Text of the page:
Apologies people for short blog, a family emergency occurred this morning and I don't know how things will pan out over the next few days, however I hope to keep this updated. Welcome also Jon and Craig, and thanks for the comments. It's nice to feel I am not alone here.
Interesting stuff in the comments about the Victorian Farm prog from last night, if you wish to really live life in the raw it seems you can stay in the cottage:
although as it seems about like life chez Nem (even slightly more luxurious in fact) I suspect I will save the cash and stay at home.
Possibly we should have paying guests who wish to sample the simple life, flagstones, pantry and all? They could sleep in the bothy and work in the garden?
Some sort of good news on the conservation front:
However, the reality is slightly more complex, and I could explain in detail but this link does it so why should I?
The sad part is how much was bulldozed before SAVE stepped in; thankfully, at least several of the buildings are now protected. The picture above is the interior of one of the historic wind tunnels.
This is a larger version:
The SAVE report, Save Farnborough, The Cradle of British Aviation, is still available from SAVE publications:
Short but hopefully of interest?
STOP PRESS Just arrived, Press Release from SAVE:
TRIUMPH, DISASTER AND DECAY THE SAVE SURVEY OF LIVERPOOL’S HERITAGE
AN EXHIBITION AT THE RIBA GALLERY IN LIVERPOOL FROM 16 FEBRUARY TO 6 MARCH 2009
As Liverpool emerges from its year in the limelight as European Capital of Culture, a new exhibition, mounted by SAVE Britain’s Heritage, takes a sobering look at the state of the city’s architectural heritage. As ever-taller apartment buildings spring up along the waterfront, countless historic buildings are still being left to rot, or demolished in the name of ‘regeneration’.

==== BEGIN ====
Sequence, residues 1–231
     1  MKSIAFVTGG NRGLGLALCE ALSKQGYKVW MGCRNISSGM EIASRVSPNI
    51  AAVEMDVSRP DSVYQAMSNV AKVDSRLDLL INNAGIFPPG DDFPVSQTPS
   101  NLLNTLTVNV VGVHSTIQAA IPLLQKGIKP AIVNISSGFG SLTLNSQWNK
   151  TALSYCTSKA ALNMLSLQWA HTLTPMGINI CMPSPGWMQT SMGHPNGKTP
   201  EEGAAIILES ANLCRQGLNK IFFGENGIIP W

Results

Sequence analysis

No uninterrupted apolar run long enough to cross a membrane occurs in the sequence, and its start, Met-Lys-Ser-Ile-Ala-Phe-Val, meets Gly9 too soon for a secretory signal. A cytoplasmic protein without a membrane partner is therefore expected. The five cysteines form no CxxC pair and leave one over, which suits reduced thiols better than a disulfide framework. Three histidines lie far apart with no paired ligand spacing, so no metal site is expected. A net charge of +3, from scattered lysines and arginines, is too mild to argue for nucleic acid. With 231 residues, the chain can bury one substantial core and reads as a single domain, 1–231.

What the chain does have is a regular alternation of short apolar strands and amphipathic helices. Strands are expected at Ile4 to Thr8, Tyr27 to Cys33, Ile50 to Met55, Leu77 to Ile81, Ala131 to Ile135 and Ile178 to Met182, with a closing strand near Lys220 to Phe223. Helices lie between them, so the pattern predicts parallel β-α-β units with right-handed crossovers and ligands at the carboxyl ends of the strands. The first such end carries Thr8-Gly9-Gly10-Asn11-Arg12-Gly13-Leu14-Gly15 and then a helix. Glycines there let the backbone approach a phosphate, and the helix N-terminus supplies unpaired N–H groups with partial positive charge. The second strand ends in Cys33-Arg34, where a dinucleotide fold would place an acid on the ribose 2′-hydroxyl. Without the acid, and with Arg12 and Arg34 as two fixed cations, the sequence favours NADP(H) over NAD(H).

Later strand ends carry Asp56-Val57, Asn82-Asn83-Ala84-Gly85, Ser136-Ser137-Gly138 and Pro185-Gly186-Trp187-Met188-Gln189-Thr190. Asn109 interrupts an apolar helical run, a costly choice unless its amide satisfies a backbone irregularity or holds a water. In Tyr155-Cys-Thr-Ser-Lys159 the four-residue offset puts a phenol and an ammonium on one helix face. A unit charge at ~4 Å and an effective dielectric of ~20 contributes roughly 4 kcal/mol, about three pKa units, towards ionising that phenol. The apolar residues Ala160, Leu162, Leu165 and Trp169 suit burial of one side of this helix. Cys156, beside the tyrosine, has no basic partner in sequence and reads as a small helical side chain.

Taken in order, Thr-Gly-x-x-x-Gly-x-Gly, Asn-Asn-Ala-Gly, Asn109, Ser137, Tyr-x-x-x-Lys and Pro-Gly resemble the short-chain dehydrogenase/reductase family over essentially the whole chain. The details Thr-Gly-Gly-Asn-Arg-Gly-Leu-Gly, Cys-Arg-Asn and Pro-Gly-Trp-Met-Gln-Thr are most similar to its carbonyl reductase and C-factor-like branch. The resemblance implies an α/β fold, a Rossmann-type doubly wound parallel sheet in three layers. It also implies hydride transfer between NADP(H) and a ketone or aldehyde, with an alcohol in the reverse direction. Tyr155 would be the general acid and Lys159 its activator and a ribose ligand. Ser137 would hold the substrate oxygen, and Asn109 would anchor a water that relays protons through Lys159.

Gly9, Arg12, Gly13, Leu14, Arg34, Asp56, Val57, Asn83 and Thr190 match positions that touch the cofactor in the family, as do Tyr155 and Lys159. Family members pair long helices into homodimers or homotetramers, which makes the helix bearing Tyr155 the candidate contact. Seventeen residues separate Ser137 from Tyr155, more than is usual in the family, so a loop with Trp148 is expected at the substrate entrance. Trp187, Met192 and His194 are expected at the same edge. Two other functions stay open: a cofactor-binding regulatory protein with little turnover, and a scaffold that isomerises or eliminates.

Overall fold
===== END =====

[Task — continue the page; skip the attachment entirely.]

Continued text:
Less than a hundred years ago, Liverpool was a city of phenomenal wealth - its great dock system one of the wonders of the world. In the wake of World War II, changing patterns of industry and shipping led to steep economic decline, and in the decades that followed, the city’s built heritage was to come under terrible assault. In 1958 the bombed-out shell of one of the city’s finest landmarks, the monumental Custom House, was torn down to ‘relieve unemployment’ and countless Georgian and Victorian terraces were to follow - swept away for new housing estates.
Shockingly, large clearance schemes were to continue into the 1970s and 1980s, with Grade II-listed Clayton Square in the heart of the city demolished in 1986 to make way for a shopping centre. Today, whole terraces of good-quality Victorian houses are being cleared again, for the Edge Lane road-widening project, and for the Government’s Pathfinder housing scheme. In 1984, SAVE’s report The Agony of Georgian Liverpool documented the plight of dozens of Georgian houses. 25 years on, it is sad to report that many of the buildings featured in the report have been demolished, while others still cling on today in a desperate state of decay. Encouragingly, a number of fine inner-city Georgian terraces were saved in the 1980s through refurbishment programmes grant-aided by English Heritage, which more recently has conducted extensive research into Liverpool’s heritage and helped to fund a much-needed Buildings at Risk Officer.
Marcus Binney, SAVE's President says, ‘We have fought two of our most memorable campaigns in Liverpool, first rescuing the beautiful Regency Lyceum Club after consent to demolish had been granted and, second, taking legal action to stop the imminent demolition of the spectacular church of St Francis Xavier’.
This new exhibition will highlight the importance, as well as the vulnerability, of Liverpool’s architectural heritage - drawing attention to the alarming number of historic buildings still at risk in the city, as well as celebrating recent successes. Contemporary and historic photographs will be accompanied by commentary from leading historians, conservation experts and residents of Liverpool. The exhibition will run from 16 February to 6 March at the RIBA Gallery, 82 Wood Street, Liverpool L1 4DQ. It will be open Monday to Friday (9am-5pm), and on Saturday 21 February (11am-5pm). Further info from SAVE: http://www.savebritainsheritage.org/.
Full release including pictures: